bel·​lig·​er·​ence bə-ˈlij-rən(t)s How to pronounce belligerence (audio)
: an aggressive or truculent attitude, atmosphere, or disposition

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Belligerent, Belligerents, and Belligerence

Belligerent may function as either an adjective or a noun. As an adjective, it has two primary meanings, each of which corresponds to the two senses of its noun form.

The older sense (“waging war”) is generally used to refer to the actions or combatants of a nation at war, or to the nation itself ("belligerent operations"; "belligerent troops"; “the belligerent state”); it is paralleled by the earliest sense of the noun, “a nation at war” (“the belligerents assembled at the peace conference”). The second sense of belligerent (“inclined to or exhibiting assertiveness, hostility, or combativeness”), which usually applies to persons or animals, or to their attitudes or actions, likewise parallels the second sense of the noun (“a person taking part in a fight”). A related noun belligerence refers to “an aggressive or truculent attitude, atmosphere, or disposition” that can be either individual or global.

Examples of belligerence in a Sentence

Recent Examples on the Web Yet some domestic pressures on Putin incentivize belligerence, namely the war hawks outside government who continually demand more expansive military mobilization or even the use of nuclear weapons. Austin Carson, Foreign Affairs, 14 Sep. 2023 Even Christie, whose trademark verbal belligerence was widely expected to light up the stage, was hardly more pugnacious than the fiery Haley and Pence, whom the moderators had to lecture to stop hogging the stage. Molly Ball, Time, 24 Aug. 2023 On Tuesday, Torres signed a pledge with a powerful association of some three-hundred eighty thousand military veterans who are notorious for their obdurate conservatism and belligerence. Jonathan Blitzer, The New Yorker, 19 Aug. 2023 With this level of belligerence the question is whether Rodríguez Larreta or Bullrich’s electorate will support the victor going into the general election. Agustino Fontevecchia, Forbes, 17 July 2023 The revelations come in a council term marked by belligerence and bullying, in and out of the council chamber, where tempers flare with alarming regularity, fissures often open along racial lines, and the F-bomb has been dropped., 15 July 2023 The world may be focused on Ukraine now because of full-scale Russian belligerence, but the damage has been under way for years, says Mr. Wilmont, whose film has very little to do with war and everything to do with kids. John Anderson, WSJ, 13 July 2023 Only the dominance of Prussia, a foreign power to much of Germany, and severe strategic errors by its leadership led to the two world wars that earned it a reputation for belligerence. Peter H. Wilson, Foreign Affairs, 18 Apr. 2023 But there are, and should be, limits on the exercise of both compromise, and of principled belligerence. Michael Peregrine, Forbes, 6 Jan. 2023 See More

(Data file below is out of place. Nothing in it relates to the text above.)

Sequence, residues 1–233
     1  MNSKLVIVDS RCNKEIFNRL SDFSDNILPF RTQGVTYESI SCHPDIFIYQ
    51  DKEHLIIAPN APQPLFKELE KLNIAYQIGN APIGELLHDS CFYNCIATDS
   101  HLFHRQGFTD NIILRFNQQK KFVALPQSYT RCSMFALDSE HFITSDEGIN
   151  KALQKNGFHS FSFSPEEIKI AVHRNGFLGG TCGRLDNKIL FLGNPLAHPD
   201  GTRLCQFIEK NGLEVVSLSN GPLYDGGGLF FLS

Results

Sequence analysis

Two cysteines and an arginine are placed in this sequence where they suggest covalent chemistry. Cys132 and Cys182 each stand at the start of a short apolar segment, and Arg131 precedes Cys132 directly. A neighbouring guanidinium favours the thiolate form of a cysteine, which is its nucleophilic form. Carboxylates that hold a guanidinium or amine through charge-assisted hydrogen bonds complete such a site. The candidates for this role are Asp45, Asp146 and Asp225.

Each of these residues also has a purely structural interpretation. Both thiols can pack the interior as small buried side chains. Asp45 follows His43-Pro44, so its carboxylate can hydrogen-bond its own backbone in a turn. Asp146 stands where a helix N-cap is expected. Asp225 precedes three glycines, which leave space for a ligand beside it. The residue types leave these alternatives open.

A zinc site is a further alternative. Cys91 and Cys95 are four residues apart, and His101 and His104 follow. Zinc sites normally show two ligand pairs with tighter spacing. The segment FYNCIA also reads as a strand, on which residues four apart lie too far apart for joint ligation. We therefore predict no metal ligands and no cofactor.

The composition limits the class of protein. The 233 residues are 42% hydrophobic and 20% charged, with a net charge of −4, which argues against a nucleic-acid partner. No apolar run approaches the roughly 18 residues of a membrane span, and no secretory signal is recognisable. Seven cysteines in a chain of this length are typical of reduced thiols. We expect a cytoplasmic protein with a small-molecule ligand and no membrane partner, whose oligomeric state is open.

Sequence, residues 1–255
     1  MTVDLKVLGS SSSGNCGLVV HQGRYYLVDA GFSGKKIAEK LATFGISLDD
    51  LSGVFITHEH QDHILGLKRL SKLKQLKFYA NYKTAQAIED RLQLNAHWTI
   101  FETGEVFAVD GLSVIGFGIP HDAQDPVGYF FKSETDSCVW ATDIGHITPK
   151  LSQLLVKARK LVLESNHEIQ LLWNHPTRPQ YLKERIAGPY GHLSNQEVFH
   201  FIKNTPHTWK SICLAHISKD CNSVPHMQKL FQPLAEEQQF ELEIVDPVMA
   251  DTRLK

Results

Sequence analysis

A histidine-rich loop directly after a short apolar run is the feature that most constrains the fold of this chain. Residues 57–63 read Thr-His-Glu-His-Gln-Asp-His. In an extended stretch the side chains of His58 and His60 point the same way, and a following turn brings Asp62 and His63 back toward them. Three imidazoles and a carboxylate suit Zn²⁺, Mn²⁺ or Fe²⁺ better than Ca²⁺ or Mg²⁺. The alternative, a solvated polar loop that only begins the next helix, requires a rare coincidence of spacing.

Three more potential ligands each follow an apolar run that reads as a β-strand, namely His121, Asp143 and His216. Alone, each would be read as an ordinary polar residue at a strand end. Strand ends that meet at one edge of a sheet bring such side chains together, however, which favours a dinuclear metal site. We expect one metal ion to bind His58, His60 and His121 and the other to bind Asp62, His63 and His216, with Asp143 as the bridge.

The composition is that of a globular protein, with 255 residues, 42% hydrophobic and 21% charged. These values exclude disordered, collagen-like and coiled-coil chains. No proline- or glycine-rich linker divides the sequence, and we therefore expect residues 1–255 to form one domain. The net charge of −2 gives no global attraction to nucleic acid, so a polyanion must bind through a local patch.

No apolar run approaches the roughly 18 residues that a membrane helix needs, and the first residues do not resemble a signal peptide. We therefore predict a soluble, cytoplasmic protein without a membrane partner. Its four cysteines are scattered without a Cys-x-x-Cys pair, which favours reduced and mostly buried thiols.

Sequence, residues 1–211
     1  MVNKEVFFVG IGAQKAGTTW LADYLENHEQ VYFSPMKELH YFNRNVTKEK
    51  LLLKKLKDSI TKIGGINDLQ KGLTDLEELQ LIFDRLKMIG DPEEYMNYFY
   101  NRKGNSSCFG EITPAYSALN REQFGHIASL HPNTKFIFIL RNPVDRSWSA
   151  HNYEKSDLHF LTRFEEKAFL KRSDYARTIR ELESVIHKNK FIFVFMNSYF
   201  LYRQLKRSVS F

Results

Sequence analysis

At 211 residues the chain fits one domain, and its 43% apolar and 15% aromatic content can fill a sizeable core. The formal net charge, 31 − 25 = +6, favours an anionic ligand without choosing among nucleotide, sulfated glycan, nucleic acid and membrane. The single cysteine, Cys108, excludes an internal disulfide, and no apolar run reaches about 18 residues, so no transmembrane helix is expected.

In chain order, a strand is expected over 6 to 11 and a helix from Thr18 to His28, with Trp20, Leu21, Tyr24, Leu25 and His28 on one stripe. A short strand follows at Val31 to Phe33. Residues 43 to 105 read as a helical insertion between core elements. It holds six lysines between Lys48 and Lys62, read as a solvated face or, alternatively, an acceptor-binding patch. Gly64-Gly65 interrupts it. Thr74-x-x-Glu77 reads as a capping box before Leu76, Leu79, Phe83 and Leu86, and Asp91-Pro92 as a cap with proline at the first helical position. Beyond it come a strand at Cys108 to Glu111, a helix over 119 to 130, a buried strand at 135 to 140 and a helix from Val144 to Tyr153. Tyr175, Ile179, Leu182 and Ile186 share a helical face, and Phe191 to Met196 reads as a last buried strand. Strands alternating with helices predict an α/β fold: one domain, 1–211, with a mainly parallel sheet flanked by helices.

These examples are programmatically compiled from various online sources to illustrate current usage of the word 'belligerence.' Any opinions expressed in the examples do not represent those of Merriam-Webster or its editors. Send us feedback about these examples.

Word History


see belligerent

First Known Use

1814, in the meaning defined above

Time Traveler
The first known use of belligerence was in 1814

Dictionary Entries Near belligerence

Cite this Entry

“Belligerence.” Dictionary, Merriam-Webster, Accessed 22 Sep. 2023.

Kids Definition


bel·​lig·​er·​ence bə-ˈlij(-ə)-rən(t)s How to pronounce belligerence (audio)
: a belligerent attitude or disposition

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